The Data Protection Act 1988 and 2003
People are exchanging, sharing and using data every day. Data, meaning information that can be processed automatically or manually. When it comes to Personal Data which is data relating to a human being who can be identified from the data, Data Protection becomes very important.
”The Data Protection Act 1988 and 2003 confer rights on individuals as well as placing responsibilities on those persons processing personal data.”
Data Subject or also called Data Receiver is a living individual to whom personal data relates. Data Protection Acts provide Subjects with certain rights, to enable them to check what data relating to themselves is being held and how or where it is used.
The rights of data subjects
•The right to establish the existence of personal data
•The right of access
•The right of objection
•The right of rectification
The rights come with responsibilities, it is not given to data subjects that they could make enquiries out of just simply being curious. Rather so that they can check what data is being processed on them and whether it is correct.
Ways for Data Subject to ensure rights
•Tick boxes online (to choose whether your information can be used for any other purpose)
•Unsubscribe (from notifications, information/offer e-mails etc.)
•Read term and conditions, when setting up accounts online
•Avoid to send e-mails containing confidential information
Data Controller is the one who controls the content of personal data. It can be a legal entity like government department or a company, or an individual say, sole trader or a General Practitioner. Data Controllers are recognised in the Data Protection Acts 1988 and 2003 as having certain responsibilities imposed on them by law.
The responsibilities of Data Controller
•Ensuring that data is obtained lawfully
•That it is used for the purpose
•That it is kept safe and secure
•It is accurate and up to date
•That it is relevant
•That it is not disclosed or used for unlawful purposes
•That it is not stored longer than necessary and provided to the subject on request
All data controllers must comply with the rules/ responsibilities above, and some data controllers are obliged to register annually with the Data Protection Commissioner, to make evident their data handling procedures.
How Data Controller ensure the responsibilities are carried out and organisations responsibilities
Data Controller must make himself aware of his responsibilities relating to Data Protection. Within organization, the staff should also be made aware of their responsibilities and appropriate induction training should be given. Internal data protection policy, relevant to the personal data held by the organisation can be put to place, available to the staff. Policy reflective to the elementary data protection rules, applied to the organisation. It can then be enforced through consistent reviews and management.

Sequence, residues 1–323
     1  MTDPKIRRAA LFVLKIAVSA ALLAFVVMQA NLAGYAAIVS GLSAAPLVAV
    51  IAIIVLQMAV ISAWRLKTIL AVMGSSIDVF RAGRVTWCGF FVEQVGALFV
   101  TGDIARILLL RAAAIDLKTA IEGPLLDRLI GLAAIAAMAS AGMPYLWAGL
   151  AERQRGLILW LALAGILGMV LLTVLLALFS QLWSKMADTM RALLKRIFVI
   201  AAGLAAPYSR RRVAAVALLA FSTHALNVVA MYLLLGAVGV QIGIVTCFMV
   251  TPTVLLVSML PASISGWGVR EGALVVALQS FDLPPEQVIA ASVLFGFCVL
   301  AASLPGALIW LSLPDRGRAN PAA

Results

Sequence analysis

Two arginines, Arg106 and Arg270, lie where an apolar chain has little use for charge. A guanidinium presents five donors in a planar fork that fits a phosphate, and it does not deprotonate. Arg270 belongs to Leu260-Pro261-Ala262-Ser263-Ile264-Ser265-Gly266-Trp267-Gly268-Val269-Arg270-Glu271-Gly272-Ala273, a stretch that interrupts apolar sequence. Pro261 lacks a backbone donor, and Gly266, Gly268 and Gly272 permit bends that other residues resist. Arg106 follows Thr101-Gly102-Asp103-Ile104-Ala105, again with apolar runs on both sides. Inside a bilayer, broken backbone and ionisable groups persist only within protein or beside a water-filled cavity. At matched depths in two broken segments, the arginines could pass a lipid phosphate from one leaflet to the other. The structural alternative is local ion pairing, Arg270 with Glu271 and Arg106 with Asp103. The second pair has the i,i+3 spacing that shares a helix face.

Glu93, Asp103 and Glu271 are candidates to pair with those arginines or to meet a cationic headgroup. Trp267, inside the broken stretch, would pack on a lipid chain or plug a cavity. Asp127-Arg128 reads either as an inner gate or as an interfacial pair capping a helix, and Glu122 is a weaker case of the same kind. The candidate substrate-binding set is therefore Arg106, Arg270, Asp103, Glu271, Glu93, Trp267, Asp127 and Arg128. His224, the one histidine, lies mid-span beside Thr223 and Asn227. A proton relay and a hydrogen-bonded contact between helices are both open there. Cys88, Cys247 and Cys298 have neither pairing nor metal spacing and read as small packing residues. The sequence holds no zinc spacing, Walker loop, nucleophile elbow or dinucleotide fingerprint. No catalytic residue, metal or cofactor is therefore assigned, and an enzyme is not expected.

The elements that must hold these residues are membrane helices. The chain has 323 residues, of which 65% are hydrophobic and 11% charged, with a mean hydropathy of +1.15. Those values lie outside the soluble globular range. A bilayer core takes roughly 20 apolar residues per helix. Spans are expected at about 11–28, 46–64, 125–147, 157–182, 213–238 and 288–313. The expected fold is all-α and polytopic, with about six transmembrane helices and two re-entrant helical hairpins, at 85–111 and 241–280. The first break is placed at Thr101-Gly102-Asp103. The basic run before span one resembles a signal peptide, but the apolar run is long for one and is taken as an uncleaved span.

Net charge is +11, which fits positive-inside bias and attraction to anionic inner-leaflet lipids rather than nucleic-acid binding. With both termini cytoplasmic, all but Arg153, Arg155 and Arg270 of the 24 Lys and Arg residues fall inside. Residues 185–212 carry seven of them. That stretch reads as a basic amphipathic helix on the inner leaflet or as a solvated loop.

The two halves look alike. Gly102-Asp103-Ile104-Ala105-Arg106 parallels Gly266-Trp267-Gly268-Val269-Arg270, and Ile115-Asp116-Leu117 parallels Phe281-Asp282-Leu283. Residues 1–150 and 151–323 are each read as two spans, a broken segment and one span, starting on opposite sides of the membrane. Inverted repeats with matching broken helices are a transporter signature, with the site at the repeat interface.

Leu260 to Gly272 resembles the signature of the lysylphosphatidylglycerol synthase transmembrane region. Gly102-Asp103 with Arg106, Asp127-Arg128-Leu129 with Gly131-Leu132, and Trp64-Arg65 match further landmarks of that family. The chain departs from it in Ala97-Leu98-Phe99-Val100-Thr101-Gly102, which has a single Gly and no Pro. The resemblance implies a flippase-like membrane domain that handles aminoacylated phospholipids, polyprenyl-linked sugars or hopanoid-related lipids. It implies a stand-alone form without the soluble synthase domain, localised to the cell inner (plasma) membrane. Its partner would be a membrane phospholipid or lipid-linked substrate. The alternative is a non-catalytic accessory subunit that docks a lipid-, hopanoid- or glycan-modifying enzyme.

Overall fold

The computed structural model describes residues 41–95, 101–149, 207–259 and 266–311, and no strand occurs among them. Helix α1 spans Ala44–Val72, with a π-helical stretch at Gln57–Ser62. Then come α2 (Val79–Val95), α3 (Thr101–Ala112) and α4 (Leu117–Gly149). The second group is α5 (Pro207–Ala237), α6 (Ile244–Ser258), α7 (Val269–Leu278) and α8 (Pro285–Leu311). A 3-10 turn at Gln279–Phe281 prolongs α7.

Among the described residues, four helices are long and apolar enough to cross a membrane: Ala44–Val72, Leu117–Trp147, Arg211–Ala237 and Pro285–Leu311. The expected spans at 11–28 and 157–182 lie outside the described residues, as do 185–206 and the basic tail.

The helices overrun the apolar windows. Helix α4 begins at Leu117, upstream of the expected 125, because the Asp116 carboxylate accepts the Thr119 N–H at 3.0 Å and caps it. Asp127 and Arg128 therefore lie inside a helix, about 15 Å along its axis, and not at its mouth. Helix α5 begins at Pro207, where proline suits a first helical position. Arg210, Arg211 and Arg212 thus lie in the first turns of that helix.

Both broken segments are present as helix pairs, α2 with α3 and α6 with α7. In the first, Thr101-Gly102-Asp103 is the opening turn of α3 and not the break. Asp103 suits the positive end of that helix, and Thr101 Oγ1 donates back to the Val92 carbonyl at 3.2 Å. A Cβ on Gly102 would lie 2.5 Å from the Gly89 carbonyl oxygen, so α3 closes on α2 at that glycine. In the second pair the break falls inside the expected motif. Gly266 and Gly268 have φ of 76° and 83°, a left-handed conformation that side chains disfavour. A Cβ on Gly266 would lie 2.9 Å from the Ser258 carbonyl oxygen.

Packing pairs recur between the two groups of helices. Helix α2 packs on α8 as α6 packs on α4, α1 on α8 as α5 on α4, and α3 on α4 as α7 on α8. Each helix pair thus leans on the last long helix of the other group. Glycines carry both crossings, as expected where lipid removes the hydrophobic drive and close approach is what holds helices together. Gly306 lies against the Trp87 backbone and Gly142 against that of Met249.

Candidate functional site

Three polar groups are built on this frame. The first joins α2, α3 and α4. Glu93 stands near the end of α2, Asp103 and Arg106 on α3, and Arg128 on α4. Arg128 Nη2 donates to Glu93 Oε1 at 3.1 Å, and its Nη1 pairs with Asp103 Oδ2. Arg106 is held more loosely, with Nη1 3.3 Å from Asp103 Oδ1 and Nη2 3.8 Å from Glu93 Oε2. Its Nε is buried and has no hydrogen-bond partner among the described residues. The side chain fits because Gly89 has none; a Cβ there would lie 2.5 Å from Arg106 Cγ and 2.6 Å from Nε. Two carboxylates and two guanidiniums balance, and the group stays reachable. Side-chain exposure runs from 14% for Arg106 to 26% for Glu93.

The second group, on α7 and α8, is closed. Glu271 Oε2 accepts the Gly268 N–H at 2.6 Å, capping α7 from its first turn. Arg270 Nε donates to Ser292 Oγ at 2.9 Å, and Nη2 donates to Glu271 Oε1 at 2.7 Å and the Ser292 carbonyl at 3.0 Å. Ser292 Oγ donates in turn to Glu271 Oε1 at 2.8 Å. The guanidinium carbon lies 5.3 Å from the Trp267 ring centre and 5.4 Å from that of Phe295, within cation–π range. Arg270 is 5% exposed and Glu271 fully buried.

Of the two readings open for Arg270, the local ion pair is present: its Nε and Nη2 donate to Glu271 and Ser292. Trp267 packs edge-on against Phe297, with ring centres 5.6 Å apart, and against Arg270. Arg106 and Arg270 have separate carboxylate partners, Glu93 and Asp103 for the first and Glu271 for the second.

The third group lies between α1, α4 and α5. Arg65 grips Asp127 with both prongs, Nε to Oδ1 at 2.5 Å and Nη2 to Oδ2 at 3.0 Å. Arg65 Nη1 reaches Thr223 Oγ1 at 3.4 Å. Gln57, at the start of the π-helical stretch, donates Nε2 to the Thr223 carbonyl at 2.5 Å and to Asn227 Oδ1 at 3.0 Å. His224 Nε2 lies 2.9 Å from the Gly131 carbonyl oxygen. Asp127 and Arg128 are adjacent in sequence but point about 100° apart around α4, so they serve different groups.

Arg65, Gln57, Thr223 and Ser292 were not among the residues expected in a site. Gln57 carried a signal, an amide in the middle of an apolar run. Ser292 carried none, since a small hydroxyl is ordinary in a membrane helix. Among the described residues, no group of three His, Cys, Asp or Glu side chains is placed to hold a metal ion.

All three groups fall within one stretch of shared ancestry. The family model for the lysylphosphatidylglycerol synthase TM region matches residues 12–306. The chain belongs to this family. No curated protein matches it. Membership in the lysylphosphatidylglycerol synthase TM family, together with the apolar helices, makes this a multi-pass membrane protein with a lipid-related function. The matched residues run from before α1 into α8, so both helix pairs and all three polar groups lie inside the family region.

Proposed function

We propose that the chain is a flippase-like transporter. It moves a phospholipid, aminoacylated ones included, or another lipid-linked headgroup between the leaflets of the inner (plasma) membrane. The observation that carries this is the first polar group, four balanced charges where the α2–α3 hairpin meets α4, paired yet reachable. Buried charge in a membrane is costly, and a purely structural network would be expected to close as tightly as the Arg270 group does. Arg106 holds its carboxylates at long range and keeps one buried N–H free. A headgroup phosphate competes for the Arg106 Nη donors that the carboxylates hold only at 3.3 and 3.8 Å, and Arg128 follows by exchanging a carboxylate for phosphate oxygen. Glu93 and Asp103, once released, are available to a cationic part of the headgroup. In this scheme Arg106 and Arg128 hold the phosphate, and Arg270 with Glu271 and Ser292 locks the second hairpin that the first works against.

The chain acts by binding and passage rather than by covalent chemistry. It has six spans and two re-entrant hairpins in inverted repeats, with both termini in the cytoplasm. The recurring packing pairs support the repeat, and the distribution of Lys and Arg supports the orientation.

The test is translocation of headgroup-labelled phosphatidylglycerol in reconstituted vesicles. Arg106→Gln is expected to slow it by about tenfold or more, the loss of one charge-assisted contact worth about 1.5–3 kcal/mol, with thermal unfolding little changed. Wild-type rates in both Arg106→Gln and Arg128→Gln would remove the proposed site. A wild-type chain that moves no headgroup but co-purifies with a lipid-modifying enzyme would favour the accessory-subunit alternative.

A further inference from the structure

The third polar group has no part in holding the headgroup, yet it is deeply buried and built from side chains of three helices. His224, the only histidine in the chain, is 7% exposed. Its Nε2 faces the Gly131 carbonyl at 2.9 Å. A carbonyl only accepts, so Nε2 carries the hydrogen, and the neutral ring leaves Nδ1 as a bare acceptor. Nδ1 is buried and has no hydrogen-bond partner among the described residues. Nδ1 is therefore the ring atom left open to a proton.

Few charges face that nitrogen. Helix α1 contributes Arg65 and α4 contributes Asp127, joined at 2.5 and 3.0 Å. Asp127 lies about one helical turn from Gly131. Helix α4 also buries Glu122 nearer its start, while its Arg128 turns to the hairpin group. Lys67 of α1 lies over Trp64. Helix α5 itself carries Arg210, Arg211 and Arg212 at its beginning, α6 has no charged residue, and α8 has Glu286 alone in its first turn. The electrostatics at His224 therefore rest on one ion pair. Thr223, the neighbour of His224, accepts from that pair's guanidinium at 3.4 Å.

Data Processor is someone who processes data on behalf data controller. It does not include someone who is an employee of data controller and processed the data during his employment. It is rather a subsidiary company contacted by the data controller to manage or process data on its behalf, such as:
Data Protection Commissioner
Data Protection Commissioner is a sole person who enforces Data Protection Act and its compliance. He can investigate any complaints concerning data protection breech, develop codes of practice and maintains a register of data controllers.
There have been cases when supermarkets have passed on their customer’s data to other companies.
When using loyalty cards at supermarkets, we automatically let the company to gather the information about us without even thinking much of it. Usually to avail of the loyalty card a questionnaire or an application form needs to be filled, so we are passing on some of our personal details to the company, therefore become the Data Subject. The company now the Data Controller holds some of our information, and with the help of a loyalty card can continue gather information such as; log of purchases.
Coming to the point, there have been cases when consumers of a supermarket have been contacted by formula company, by e-mail, advertising and offering their product. Passing on personal information is considered a noncompliance with Data Protection Act.